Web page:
The Disabled American Veterans of the World War, established in 1920 had helped the 200,000 injured and disabled survivors of WWI. Of this number, those that suffered a permanent disability experienced the same troubles, joblessness, homelessness, alcoholism, etc. But many of them ended up in a mental institution or a home for the disabled, because their was no real other way to help them.
But for the vets of the Vietnam War, they came home without much in the way of benefits. Much less than their WWII counterparts received. Much of the social activism of the late 1960s and early 1970s can be attributed to the living conditions of the veterans. The first Vet Centers were not established until 1979. It took that long for veterans of WWII and any remaining disabled survivor of WWI, who were experiencing much of the same trouble that the Vietnam vets were, to get help.
Alcohol and drug use among veterans were rampant. These problems led to homelessness. I think we’ve all seen what has become somewhat of a stereotype, a man in a wheelchair on a street corner with the sign scribbled in permanent black marker on a piece of flattened cardboard box: “Disabled Veteran, Please Help” or something to that effect, with a bucket in his lap for any spare change he may receive from a generous passerby. This started after the Vietnam War. Before that, people in wheelchairs were rarely seen in public.
Terrible as their situation was, it took the story of the disabled from being buried in the back section to a big bold headline on the front page. For it was in the 1970s when legislation began to work its way through that made employment opportunities more accessible to the disabled, leading in part to the ADA, improvements in wheelchair technology and wheelchair athletic associations. It had to be so.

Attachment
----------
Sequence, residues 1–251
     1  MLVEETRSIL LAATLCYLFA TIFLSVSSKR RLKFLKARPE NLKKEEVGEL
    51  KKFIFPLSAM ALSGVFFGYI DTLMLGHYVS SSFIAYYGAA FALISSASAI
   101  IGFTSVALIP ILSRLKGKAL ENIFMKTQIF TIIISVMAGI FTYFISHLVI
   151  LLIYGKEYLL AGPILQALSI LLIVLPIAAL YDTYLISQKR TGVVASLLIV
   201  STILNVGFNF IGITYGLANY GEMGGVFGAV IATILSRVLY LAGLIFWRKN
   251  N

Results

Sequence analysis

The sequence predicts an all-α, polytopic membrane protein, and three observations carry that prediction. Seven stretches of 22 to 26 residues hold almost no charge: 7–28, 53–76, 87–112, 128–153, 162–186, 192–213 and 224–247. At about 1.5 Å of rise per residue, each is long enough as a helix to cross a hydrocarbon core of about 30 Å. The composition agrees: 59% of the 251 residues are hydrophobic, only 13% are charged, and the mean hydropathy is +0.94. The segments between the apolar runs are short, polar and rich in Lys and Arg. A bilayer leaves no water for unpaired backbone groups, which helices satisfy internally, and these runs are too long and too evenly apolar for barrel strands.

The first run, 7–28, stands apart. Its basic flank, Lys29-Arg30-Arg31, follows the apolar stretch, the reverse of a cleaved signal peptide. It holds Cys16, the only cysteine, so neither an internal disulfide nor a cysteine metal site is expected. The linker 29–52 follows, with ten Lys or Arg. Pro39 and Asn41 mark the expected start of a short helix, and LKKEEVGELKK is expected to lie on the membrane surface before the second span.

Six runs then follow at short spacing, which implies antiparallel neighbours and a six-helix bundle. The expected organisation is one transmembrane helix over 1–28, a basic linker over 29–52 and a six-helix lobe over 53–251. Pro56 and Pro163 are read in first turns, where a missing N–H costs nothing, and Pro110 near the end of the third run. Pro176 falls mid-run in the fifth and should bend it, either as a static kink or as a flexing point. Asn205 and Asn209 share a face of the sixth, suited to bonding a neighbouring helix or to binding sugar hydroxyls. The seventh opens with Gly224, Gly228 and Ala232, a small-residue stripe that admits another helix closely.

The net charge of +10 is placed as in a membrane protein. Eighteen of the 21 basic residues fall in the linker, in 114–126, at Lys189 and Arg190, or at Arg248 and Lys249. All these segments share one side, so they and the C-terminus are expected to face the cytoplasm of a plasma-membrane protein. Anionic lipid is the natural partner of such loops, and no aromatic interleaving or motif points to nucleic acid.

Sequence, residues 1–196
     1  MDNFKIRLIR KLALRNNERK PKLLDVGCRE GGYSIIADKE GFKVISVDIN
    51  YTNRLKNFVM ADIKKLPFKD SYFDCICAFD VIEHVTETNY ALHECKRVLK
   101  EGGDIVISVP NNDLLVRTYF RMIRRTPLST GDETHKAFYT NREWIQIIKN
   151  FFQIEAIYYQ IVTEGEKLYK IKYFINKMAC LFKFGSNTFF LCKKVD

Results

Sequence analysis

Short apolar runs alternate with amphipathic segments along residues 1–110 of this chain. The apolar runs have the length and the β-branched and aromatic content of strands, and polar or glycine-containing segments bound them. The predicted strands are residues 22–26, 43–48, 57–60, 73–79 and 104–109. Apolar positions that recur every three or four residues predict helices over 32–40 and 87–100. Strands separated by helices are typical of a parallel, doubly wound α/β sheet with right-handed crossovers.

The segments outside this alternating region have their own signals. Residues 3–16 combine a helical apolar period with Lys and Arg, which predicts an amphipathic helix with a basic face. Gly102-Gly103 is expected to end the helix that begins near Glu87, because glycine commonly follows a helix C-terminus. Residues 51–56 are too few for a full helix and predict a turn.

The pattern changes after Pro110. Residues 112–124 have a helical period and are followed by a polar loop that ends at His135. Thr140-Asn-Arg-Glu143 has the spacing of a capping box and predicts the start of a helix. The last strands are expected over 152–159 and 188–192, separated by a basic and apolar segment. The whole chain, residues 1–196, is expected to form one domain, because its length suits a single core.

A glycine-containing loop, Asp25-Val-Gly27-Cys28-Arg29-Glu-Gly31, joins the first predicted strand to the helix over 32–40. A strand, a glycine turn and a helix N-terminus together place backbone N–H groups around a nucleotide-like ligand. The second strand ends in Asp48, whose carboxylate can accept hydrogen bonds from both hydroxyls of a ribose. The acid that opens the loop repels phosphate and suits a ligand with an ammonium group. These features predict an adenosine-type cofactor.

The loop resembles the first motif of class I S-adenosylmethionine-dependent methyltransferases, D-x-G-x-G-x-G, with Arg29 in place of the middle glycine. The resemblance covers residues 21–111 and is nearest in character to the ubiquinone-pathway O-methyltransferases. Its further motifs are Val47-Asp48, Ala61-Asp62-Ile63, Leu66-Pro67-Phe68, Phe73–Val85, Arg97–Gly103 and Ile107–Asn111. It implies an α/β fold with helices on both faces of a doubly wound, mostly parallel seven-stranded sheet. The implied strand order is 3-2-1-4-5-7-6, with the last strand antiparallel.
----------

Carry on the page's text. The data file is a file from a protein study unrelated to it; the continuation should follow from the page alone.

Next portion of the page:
Thousands of the prospective young workforce, a workforce that once made this country thrive, were maimed, and therefore inactive. There had to be a way to get these people back into the world as the productive members of society that we are today. Because the country was in a major recession by the latter part of the seventies. In fact you might say that the many disabled who came back from the Vietnam War, needing employment contributed to the push-button workforce that is so prominent today. The Jetsons called it in 1962! It’s not push-button finger but carpal tunnel syndrome that we of the desk job suffer from in this modern age.